"When selecting your document storage vendor, ensure that the storage vendor already has a relationship with a document restoration company. Even the major document storage vendors experience disasters," Williams advised.

Disaster planning and preparation is a continuous process, said Leo Nov, who is a co-founder of Los Angeles-based RestorationSOS. "We recommend updating the disaster plan as often as changes are made in the facility or supporting staff, but at least once annually," said Nov.

Solutions Don't Have to Be Cutting-Edge

"Ideally, organizations will have a records management plan that includes disaster recovery," said Cheri Baker, who is director of communications at Frederick, Md.-based The Crowley Co., a company specializing in document protection and archival.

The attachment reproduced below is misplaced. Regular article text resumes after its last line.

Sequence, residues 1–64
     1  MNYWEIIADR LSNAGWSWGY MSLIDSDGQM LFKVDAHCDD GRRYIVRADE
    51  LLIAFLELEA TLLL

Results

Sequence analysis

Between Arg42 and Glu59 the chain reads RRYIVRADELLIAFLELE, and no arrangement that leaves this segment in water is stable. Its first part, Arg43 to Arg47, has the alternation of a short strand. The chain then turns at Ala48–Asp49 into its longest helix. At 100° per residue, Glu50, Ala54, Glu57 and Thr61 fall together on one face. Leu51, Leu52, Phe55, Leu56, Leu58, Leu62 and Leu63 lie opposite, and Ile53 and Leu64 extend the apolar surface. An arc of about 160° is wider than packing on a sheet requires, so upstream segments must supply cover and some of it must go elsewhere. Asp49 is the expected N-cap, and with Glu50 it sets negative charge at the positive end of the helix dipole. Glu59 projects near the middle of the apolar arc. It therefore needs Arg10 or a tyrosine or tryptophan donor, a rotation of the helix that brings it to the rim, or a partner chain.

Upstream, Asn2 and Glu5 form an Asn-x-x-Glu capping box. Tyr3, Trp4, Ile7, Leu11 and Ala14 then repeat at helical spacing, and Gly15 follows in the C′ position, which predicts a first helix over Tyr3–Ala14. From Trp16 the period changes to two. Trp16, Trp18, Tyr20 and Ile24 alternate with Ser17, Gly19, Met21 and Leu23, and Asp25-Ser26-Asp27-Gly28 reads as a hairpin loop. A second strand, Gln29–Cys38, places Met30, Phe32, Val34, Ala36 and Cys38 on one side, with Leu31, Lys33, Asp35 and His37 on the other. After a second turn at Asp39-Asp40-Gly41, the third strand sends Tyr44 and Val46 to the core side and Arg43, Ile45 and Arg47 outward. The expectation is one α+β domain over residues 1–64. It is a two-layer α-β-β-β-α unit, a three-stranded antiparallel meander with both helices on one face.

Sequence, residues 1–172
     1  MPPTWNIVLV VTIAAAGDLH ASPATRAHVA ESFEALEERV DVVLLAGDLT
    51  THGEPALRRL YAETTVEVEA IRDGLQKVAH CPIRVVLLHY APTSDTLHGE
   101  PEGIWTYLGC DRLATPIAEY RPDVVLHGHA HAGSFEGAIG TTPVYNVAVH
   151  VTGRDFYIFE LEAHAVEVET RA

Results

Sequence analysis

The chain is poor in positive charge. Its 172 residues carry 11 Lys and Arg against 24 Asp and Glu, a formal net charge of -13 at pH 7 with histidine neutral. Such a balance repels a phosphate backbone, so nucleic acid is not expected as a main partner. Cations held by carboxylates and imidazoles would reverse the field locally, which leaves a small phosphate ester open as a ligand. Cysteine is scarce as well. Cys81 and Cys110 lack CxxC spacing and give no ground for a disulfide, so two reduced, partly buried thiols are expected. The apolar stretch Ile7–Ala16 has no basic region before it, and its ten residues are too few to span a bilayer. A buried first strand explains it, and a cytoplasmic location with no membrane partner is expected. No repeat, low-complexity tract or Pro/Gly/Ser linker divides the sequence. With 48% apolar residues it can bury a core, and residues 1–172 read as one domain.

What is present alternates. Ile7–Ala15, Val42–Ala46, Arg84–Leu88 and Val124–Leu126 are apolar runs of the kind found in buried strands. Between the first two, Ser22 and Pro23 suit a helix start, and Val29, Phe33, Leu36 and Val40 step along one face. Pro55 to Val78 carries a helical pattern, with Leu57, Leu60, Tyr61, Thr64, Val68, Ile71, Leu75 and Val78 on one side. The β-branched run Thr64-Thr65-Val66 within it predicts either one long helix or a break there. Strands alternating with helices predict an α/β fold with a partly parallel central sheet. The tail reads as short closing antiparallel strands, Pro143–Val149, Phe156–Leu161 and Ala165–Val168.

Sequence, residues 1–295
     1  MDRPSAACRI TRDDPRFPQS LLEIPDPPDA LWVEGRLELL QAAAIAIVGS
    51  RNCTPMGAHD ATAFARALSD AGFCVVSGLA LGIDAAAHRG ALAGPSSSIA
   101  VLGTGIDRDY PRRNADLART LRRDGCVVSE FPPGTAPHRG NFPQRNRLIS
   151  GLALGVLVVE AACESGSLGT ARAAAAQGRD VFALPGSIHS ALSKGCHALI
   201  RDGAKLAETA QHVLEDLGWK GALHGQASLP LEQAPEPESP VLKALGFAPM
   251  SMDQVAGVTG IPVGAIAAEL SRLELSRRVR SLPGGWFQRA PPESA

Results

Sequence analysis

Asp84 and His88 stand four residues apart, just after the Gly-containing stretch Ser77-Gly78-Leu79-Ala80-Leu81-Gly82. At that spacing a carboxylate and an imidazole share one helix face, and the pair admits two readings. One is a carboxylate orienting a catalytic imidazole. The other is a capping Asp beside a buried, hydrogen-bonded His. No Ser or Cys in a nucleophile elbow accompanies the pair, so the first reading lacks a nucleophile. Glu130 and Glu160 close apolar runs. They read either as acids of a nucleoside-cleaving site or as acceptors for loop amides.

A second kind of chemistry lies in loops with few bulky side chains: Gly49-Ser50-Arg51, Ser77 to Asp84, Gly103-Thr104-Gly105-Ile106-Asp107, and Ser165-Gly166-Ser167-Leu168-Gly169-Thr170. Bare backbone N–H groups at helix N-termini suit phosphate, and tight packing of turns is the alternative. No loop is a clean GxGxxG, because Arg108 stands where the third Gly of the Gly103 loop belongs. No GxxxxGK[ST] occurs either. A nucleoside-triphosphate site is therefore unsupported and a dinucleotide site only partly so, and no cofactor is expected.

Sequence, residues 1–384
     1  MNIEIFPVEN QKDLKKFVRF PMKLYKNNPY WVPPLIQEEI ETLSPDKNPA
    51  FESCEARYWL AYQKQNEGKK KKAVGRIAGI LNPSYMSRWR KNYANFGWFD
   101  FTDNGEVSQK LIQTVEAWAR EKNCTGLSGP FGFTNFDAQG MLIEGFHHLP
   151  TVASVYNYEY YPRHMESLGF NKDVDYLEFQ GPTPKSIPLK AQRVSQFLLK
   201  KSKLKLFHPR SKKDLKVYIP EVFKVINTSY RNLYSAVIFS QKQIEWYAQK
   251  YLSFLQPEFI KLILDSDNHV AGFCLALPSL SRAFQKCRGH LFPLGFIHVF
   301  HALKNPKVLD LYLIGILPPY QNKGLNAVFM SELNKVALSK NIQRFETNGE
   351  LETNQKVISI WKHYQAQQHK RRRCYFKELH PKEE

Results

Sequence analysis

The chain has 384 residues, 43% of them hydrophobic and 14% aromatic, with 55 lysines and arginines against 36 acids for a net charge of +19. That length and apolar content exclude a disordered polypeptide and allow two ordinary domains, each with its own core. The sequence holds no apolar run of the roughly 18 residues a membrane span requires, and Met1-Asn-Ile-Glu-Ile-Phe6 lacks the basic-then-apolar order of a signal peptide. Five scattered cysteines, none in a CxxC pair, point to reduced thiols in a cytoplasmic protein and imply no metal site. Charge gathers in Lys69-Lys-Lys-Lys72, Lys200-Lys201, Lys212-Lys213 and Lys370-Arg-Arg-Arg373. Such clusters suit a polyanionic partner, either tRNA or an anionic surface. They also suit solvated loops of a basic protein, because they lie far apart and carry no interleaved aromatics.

"From our standpoint, part of the plan should include backing up critical records to microfilm," she said. "This entails the scanning of said materials if they're hard copy or writing directly from digital. This process is called archive writing and is one of the reasons that microfilm is still a viable preservation commodity today. Stored correctly, microfilm can last up to 500 years. This is disaster recovery and long-term preservation in its simplest form."

Modern tools like SAP Visual Enterprise can help manufacturers protect their documents, said George Earle, who is senior director and global head of SAP's Visual Enterprise Services, based in Newtown Square, Pa.